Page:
The biggest political upsets of the decade

When President TrumpDonald John TrumpTrump says inviting Russia to G7 'a question of common sense' Pentagon chief does not support invoking Insurrection Act Dershowitz: Does President Trump have power to declare martial law? MORE descended the escalator into a lobby of screaming fans in 2015, few believed it marked the beginning of an ascent to the White House. But Trump’s upset victory the following year shows why we hold elections, rather than base our leaders on the polls.

Most of those elections turn out to meet what the political class expects. But occasionally, there are surprise results — and each of those upsets carve a special niche in history. Here are the greatest upsets of the last decade:

Massachusetts Previews a Bad Year for Democrats

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Massachusetts voters had not sent a Republican senator to Washington since Edward Brooke lost reelection in 1972. But Bay State voters weren’t feeling so blue in 2010, when they elected state Sen. Scott Brown (R) to finish the remainder of the late Sen. Ted Kennedy’s (D) term.

Even national Republicans didn’t put a lot of stock in Brown’s chances. But a late wave of grassroots donations let Brown capitalize on anger building over the stagnant economy and the Affordable Care Act, and on his lackluster opponent, Attorney General Martha Coakley. He won 52 percent of the vote, edging Coakley by about 108,000 votes in what proved to be a preview of the Tea Party wave building across the country.

The Tea Party Stunners

Republicans picked up 63 seats in the 2010 midterm elections as pent-up frustrations with President Barack ObamaBarack Hussein ObamaPelosi, holding a Bible, urges Trump to help the country heal Do you harbor racist thoughts? On The Trail: Trump didn't create these crises, but they are getting worse MORE spilled over to his party. From his office on Capitol Hill, Guy Harrison, the executive director of the National Republican Congressional Committee, knew most of them. But he didn’t know Joe WalshJoe WalshBottom line ABC's Whoopi Goldberg to headline Biden fundraiser with Sen. Tammy Duckworth Trump shares video of protesters confronting reporter: 'FAKE NEWS IS NOT ESSENTIAL' MORE, a Tea Party activist waging a long-shot challenge against Rep. Melissa Bean (D-Ill.).

On Election Night, Walsh led Bean by only a handful of votes. Republicans spent two days tracking him down, because Walsh was living in his car after a bank foreclosed on his condo. He spent a term in Congress before losing to Tammy DuckworthLadda (Tammy) Tammy DuckworthCalls for police reform sparks divisions in Congress Trump stokes backlash with threat to use military against protesters Biden unveils disability rights plan: 'Your voices must be heard' MORE, and now he’s running a quixotic bid to challenge President Trump.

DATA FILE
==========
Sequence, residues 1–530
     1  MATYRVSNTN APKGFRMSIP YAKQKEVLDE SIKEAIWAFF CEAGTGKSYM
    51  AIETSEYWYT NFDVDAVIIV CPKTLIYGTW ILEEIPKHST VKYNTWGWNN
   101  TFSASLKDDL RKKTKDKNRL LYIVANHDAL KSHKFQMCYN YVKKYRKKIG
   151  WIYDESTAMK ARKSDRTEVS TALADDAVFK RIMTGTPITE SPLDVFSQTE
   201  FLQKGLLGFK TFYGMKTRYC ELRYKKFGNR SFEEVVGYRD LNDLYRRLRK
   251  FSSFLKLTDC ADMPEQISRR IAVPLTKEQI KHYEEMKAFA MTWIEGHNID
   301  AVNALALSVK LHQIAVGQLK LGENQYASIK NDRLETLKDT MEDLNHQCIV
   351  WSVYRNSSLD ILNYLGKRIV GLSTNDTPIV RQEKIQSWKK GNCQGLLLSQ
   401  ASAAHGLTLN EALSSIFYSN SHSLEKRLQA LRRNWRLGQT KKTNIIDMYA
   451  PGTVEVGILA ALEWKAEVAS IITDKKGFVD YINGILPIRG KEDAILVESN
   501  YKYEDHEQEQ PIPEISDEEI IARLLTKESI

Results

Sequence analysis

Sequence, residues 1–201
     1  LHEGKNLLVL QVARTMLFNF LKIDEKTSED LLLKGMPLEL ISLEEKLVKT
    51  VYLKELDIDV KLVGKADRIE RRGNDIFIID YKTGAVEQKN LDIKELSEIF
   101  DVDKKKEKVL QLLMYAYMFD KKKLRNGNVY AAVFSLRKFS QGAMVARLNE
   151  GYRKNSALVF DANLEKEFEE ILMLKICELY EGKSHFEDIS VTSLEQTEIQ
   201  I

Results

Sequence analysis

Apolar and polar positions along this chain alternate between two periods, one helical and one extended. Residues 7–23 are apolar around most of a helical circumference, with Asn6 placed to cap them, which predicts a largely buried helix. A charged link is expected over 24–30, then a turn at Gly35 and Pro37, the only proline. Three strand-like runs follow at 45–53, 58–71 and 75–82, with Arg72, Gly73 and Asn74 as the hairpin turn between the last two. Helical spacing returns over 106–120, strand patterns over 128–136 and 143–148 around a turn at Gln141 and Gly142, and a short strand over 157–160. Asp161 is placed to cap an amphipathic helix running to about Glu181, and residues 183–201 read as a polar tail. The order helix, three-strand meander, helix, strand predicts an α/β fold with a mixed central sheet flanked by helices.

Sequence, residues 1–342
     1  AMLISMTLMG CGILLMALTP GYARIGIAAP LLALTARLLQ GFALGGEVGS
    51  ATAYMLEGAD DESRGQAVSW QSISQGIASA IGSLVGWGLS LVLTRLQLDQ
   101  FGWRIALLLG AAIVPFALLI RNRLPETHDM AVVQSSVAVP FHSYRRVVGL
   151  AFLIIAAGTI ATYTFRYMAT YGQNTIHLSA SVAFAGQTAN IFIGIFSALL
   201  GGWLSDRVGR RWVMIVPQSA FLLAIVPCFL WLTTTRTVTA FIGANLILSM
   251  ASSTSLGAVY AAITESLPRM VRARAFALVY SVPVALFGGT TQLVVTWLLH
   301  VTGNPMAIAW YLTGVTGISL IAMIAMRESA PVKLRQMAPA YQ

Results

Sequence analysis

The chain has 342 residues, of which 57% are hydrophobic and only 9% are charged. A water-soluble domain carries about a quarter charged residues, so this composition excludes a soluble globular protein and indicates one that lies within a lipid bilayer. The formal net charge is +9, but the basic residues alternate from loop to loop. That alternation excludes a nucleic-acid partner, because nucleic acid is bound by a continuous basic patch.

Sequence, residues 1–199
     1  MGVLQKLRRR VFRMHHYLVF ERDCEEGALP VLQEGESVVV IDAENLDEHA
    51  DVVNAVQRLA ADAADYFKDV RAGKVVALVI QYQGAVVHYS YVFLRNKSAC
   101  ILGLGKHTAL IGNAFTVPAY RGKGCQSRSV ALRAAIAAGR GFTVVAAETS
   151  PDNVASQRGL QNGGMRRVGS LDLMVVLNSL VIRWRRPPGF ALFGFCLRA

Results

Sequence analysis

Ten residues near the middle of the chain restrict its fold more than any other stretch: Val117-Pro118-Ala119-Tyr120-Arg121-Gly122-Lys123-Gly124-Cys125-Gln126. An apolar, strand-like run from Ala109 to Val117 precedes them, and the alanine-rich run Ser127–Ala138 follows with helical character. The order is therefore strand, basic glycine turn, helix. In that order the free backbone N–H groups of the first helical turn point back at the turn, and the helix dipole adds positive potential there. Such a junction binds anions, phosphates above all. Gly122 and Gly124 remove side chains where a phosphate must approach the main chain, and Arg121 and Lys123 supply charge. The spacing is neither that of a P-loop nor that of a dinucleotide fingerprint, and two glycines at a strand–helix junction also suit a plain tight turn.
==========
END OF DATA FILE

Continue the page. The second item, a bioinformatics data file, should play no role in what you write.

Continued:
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Farther south, a conservative radio host launched an equally improbable campaign against Rep. Solomon Ortiz (D-Texas), an 18-year veteran of Congress. Republican Blake FarentholdRandolph (Blake) Blake FarentholdThe biggest political upsets of the decade Members spar over sexual harassment training deadline Female Dems see double standard in Klobuchar accusations MORE bested Ortiz by just 799 votes. He lasted longer in Congress thanks to a redistricting cycle in which Republicans added more conservative voters to his district, but he resigned in 2018 after using public money to settle sexual harassment allegations. 

Marco RubioMarco Antonio RubioGOP senators dodge on treatment of White House protesters Murkowski: Treatment of White House protesters 'not the America I know' Rubio: Protesters outside White House 'deliberately stayed to trigger police action' MORE, Giant-Slayer

When Sen. Mel Martinez (R) opted to retire in 2010 after a single term, Florida state House Speaker Marco Rubio (R) announced he would run for the seat. He may not have counted on Gov. Charlie CristCharles (Charlie) Joseph CristGOP sees groundswell of women running in House races The Hill's Campaign Report: Biden's Tampa rally hits digital snags Biden rise calms Democratic jitters MORE, then a fellow Republican, jumping into the race as well. The first polls in the race showed Crist crushing Rubio by a huge margin.

But the Tea Party wave that built across the country helped vault Rubio to prominence over Crist, and almost a year after he jumped into the race those same polls showed Rubio wiping the floor with the sitting governor. Crist bolted the Republican Party to run as an independent, splitting the vote with Rep. Kendrick Meek, the Democratic nominee. Rubio took 49 percent of the vote, a million more votes than Crist — and with it, a seat in the Senate.

A Republican in Maryland